1135th General Monthly Meeting

"Bactrian camels in antiquity"

Dan Potts, Edwin Cuthbert Hall Professor of Middle Eastern Archaeology
Curator of the Nicholson Museum, University of Sydney

Wednesday 1 June 2005, 6 pm for 7 pm
Conference Room 1, Darlington Centre, Sydney University


ABSTRACT

If the Silk Road may be described as 'the bridge between Eastern and Western cultures', then the Bactrian camel should rightfully be considered the principal means of locomotion across that bridge. And yet there is a great deal of misinformation concerning the Bactrian camel and its relatives, particularly in the ancient Near Eastern literature. With the aim of investigating some of the problems surrounding Camelus bactrianus and the little-known Bactrian-Arabian (dromedary, Camelus dromedarius) hybrids Prof. Dan Potts launched himself into the zoological and historical literature on this important animal last year with some unexpected results, as reported on in his lecture.


BIOGRAPHICAL NOTES

Professor Dan Potts is Edwin Cuthbert Hall Professor of Middle Eastern Archaeology and Curator of the Nicholson Museum at the University of Sydney. He is Academic Director of the Near Eastern Archaeological Foundation and has a PhD from Harvard and a DPhil from Copenhagen. He has held academic positions at Harvard, Ben Gurion University, Oxford, Copenhagen and Berlin and is a Fellow of the Australian Academy of the Humanities and the Society of Antiquaries, London. He is Founding Editor of several archaeological publications and on the editorial board of a number of others. He has been frequently interviewed in the media and has an extensive list of well-regarded publications.


Report on the General Monthly Meeting
by Jak Kelly

The camel has been important to the peoples of Asia for millennia. Images of two-humped camels have been found going back to Neolithic times. It has been asserted that parts of Siberia and the inner high plains of Mongolia would not have become inhabited but for the camel, which is happy operating at altitudes up to 4000m and capable of carrying loads of 220-270 kg for 30-40 km a day. Camels live for up to 40 years and start work at the age of four.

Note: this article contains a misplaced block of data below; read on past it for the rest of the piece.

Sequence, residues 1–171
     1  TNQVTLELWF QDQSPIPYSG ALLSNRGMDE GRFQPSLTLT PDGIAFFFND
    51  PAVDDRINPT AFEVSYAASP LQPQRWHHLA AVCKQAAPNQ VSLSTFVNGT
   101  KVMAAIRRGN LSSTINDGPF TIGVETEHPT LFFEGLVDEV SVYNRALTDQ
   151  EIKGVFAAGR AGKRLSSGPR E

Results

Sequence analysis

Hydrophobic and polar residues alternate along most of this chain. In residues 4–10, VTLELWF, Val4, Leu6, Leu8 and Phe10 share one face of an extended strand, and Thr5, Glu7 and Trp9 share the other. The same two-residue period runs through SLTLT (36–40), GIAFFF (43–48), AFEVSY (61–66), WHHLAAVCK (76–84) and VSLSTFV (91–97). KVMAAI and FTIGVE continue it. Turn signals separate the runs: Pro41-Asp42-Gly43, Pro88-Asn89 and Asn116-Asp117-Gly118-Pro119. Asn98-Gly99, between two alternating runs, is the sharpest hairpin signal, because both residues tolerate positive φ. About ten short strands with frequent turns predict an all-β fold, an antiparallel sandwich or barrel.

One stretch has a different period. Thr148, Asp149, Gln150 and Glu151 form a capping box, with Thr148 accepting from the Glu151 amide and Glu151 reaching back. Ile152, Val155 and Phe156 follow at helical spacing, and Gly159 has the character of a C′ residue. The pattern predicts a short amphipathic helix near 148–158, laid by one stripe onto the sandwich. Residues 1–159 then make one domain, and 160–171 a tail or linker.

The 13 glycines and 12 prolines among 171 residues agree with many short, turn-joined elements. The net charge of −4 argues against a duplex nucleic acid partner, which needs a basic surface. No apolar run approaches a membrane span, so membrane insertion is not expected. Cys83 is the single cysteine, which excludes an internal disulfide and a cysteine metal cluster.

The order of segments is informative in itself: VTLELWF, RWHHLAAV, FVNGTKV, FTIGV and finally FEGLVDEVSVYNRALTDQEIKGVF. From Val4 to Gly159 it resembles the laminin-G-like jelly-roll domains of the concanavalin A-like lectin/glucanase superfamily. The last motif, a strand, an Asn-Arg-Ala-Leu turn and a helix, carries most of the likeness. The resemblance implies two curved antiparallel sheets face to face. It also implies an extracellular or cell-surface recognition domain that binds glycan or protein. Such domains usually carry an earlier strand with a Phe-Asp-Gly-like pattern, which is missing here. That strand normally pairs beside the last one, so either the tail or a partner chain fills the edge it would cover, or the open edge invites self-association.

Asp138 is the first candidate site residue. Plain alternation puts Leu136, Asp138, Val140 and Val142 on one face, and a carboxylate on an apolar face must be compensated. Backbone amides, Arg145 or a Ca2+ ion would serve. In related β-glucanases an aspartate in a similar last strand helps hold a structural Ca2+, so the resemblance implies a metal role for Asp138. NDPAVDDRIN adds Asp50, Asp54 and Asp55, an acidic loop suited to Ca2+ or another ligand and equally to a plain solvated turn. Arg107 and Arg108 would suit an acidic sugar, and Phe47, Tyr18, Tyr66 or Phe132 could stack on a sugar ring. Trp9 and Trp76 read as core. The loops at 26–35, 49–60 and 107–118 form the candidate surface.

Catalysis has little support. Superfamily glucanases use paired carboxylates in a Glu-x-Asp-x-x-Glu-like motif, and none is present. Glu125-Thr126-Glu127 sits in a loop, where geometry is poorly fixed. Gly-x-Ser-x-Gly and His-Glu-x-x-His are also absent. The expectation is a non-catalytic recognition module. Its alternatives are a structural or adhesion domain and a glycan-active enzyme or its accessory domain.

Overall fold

Archaeological evidence from rock art, shards, carvings, coins, seals and even large Chinese tomb figurines attest to the long historical social importance and value of the camel to many Asian civilisations. They were the main means of transport along the Silk Road joining east and west with the camel trains travelling in winter.

Aristotle wrote that there were two types of camel, the Bactrian with two humps, and the Dromedary, with one. Bactrian is probably a misnomer as the camels probably spread west from near China and not in the reverse direction, as has been suggested by some. The Greeks probably knew about camels from their interactions with the Persians. The Palace of Darius showed camels being presented as gifts to the king.

Camels supplied meat, hides and milk to the tribes who herded them but were mainly pack animals. They were highly prized gifts and commonly taken as booty in wars and raids. Selective breeding almost doubled the load-carrying capacity of the animals. Evidence of hybrid camels has been found in Roman Troy and early Islamic Pella in Jordan. The preferred hybrid was between a female Dromedary and a male Bactrian which produces a much larger good-tempered animal, a practice which persists to the present day.

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